Why 15 Minutes Matters

We've known about the psychological impacts of idealizing thinness in media for quite some time. Study after study from the 1990s onwards has reiterated that, particularly for young women, exposure to thin models in media causes more problematic body image issues and lower self-esteem about their own appearance, and internalization of these ideals raises the likelihood of eating disorders. The results were enhanced if women were already feeling dissatisfied with their own bodies, but the pervasiveness of imagery affected women whether they were happy or not. We also know it has the same effects when it first comes into other cultures, increasing rates of eating disorders and body issues among non-Western women. As the scientists behind the Nicaraguan study explained:

(It's important to note that these sorts of idealization issues aren't confined to women; men also suffer from body image idealization in the media, as well as eating disorders as a result.)

So what can be done about it? Media literacy, it's been discovered, can go a long way to helping this issue. A 2005 study of 123 young college women found that images that idealized thin models were far less impactful if the women were first given a course on how media distortion works, from Photoshop to the production of unrealistic ideals. A 1998 study found that analyzing and understanding the fashion industry itself among female undergraduates helped them distance themselves from idealized thinness. The idea of "cognitive dissonance" programs, which ask people to actively question their ideas and create discomfort around their beliefs, has also been raised as a possibility to help challenge images that champion thinness as ideal, though their success hasn't always been clear.

Another part of the puzzle, of course, is increasing representation of all kinds of bodies. A study from Florida State University in June found that college-aged women who were dissatisfied with their bodies — all of whom had been raised surrounded by media that privileged thinness — found viewing images of plus-size models psychologically beneficial, raised their self-esteem, and prompted them to make fewer comparisons between themselves and the models. It's part of the collection of concrete proof that diversity in representation of female body types is particularly helpful to a media-saturated population.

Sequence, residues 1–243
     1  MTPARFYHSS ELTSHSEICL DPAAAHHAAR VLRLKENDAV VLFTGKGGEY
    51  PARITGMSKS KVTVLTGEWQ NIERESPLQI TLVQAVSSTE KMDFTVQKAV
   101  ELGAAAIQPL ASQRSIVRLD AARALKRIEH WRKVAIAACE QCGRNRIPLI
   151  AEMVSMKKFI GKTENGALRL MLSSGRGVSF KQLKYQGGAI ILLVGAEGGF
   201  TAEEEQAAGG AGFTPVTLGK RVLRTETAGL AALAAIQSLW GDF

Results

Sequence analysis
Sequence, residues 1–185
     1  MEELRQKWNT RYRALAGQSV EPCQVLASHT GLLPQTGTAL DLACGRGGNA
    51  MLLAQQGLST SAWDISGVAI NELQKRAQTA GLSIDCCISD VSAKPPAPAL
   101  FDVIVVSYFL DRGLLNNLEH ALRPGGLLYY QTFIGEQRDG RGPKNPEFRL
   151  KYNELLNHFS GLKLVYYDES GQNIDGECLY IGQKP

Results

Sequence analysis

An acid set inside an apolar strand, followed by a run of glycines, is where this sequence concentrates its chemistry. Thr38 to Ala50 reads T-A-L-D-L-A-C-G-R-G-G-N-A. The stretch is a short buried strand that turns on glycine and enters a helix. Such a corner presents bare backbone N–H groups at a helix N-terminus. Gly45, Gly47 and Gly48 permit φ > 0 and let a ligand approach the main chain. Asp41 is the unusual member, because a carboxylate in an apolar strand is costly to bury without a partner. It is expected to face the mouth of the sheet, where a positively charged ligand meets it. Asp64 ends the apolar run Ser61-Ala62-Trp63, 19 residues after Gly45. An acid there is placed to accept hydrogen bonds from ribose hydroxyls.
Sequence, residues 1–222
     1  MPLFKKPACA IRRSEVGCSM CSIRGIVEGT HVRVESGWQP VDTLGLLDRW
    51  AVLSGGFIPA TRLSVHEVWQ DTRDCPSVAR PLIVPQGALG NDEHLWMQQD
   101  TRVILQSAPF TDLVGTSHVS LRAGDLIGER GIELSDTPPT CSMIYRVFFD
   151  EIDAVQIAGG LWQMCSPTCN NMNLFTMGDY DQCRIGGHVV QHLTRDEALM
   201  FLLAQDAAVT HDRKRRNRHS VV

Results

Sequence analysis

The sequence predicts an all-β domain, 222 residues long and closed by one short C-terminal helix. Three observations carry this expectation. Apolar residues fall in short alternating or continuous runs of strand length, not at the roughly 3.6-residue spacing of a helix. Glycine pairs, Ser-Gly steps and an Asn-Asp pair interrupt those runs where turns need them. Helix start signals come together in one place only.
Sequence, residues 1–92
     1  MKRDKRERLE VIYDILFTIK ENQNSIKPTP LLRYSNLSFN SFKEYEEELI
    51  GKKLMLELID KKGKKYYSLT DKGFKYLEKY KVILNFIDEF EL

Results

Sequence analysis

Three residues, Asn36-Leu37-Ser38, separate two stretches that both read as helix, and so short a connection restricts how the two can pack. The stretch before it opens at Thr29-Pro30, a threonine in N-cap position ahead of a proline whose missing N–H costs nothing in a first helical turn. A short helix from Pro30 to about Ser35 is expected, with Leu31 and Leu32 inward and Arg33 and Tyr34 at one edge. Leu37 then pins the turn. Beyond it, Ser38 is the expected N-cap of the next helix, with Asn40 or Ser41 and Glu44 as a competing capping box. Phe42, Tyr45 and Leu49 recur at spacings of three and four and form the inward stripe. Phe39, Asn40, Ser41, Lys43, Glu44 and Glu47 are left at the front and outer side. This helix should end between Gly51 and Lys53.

The Nicaraguan experiment, notably, didn't measure how long the effects of the exposure to different body types lasted; whether the 80 people still had new beauty ideals a week, a month or a year afterwards is unknown. (The villages will also now have electricity and television, so they're no longer media-naive in the same way.) The impact of those initial 15 minutes may well have fizzled out within a day, for all we know. In populations where the onslaught of imagery is constant, though, that's a moot point. The big lesson to take away from the Nicaraguan experiment is that images, of any kind, can warp our beauty standards within the time it takes to bake a batch of cookies. Knowing about why that is, through media literacy and other education, can stop it.